America’s alt-right news site, Breitbart, has lumped anyone questioning the existence of Jesus in with those seeking to destroy Western civilization by finding excuses to eradicate the celebration of Christmas from our cultural landscape.
The author is Catholic theologian Thomas D. Walker PhD (follow the link to his homepage).
Walker begins as follows:
Anti-Christmas grinches have upped the ante in the annual war on Christmas, moving beyond opposition to Nativity scenes and Wise Men to denying the very existence of Jesus.
A new article in Big Think claims that more and more, “historians and bloggers alike are questioning whether the actual man called Jesus existed.”
Trendy atheists like Richard Dawkins and the late Christopher Hitchens also dabbled in the denial of the historical Jesus, with Dawkins asserting that it is possible “to mount a serious, though not widely supported, historical case that Jesus never lived at all, and Hitchens averring that Jesus’ existence is “highly questionable.”
Walker’s main counter arguments seems to be . . .
Perry fails to note the very obvious fact that we actually have very little evidence for anyone in the ancient world, especially if the person wasn’t an emperor, general or aristocrat.
As one more sensible atheist has written, we possess “about as much evidence for Jesus as we have for other, analogous preachers and prophets of his time. In fact, we have slightly more for him than most.”
And who is that “sensible atheist” upon whom Walker relies? Why, none other than Tim O’Neill:
Atheist scholar Tim O’Neill notes that almost all non-Christian scholars fully accept evidence from Tacitus and Josephus, “as being evidence that Jesus was, in fact, a historical figure.”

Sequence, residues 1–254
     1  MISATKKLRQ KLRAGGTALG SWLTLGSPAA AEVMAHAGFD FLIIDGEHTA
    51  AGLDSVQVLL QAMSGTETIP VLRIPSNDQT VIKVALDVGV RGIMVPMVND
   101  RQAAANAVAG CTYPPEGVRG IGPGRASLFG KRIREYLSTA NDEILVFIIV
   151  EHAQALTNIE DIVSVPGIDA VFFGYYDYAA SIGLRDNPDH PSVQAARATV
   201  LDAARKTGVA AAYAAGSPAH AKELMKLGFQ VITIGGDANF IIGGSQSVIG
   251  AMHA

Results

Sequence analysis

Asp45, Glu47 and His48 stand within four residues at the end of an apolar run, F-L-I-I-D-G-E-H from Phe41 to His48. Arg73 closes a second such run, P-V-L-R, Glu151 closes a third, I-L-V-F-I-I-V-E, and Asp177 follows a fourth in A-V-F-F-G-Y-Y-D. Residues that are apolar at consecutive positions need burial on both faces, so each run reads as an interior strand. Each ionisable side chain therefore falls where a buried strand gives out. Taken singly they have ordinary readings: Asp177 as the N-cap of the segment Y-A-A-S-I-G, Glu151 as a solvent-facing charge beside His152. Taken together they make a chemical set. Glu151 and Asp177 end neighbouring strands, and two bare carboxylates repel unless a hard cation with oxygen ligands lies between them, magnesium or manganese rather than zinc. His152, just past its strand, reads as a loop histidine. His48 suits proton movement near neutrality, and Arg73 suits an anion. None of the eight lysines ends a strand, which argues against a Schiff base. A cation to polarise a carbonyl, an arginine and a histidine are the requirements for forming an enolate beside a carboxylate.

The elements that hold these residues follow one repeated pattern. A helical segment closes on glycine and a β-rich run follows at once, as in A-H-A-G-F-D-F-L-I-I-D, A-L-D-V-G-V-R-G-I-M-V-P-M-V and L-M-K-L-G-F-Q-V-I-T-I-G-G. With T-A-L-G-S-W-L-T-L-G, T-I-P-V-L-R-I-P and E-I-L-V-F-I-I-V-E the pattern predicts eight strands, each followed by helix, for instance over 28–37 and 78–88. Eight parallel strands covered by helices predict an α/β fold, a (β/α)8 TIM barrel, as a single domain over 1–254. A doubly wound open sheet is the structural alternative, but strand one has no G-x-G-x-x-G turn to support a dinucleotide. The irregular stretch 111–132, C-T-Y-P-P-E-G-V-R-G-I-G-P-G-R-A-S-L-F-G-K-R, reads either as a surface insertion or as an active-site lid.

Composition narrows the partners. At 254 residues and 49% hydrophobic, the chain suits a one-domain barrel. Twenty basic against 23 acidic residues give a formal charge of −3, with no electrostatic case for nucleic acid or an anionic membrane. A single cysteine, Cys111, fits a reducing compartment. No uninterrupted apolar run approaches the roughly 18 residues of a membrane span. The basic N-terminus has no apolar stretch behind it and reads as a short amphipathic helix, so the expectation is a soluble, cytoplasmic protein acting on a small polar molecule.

“The mentions of him by those writers are exactly what would we expect if someone like Jesus existed,” he observes.
Anyone not aware of Tim O’Neill in this context can observe his level and style of argument in responses to an article by Valerie Tarico questioning the historicity of Jesus and published on several websites. I have also had several encounters with Tim on this blog and elsewhere and have invited him to a serious discussion of the question in any forum on one condition: that he refrain from abusive language and insult. He has evidently found the condition too onerous to take up.
Tim is not a historian, by the way, any more than I am. We are both amateurs and I think I have more training in historical methods and certainly more knowledge of the methods and philosophies of historical inquiry and writing than he. His degree was in medieval literature, I believe.
And an examination of Thomas Walker’s website indicates he has no background studies in history at all.
I have not yet read Perry’s article, but will do so as soon as the chance arises. No doubt I’ll post more soon on both Perry’s and Walker’s articles.
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2 thoughts on “Breitbart’s War on Jesus “Mythicism””
Very telling that Breitbart picked a theologian who *happens* to be rather photogenic. Somewhat knew exactly what he was doing.
Right, because the only evidence we would expect to find of any ancient figure who wasn’t either an emperor, a general or an aristocrat are specifically theological writings of a singular ideological community praising them as the literal child of God who deleted suns, multiplied loaves, and rose from the dead. Frankly, I find it amazing that the most well-preserved figures in history happened to be the least remarkable of all!
Funny how the focus is always on the amount of evidence we should expect but never on the nature of what we have or where it comes from. At least a Breitbart piece has emphasized scholarly consensus for a change.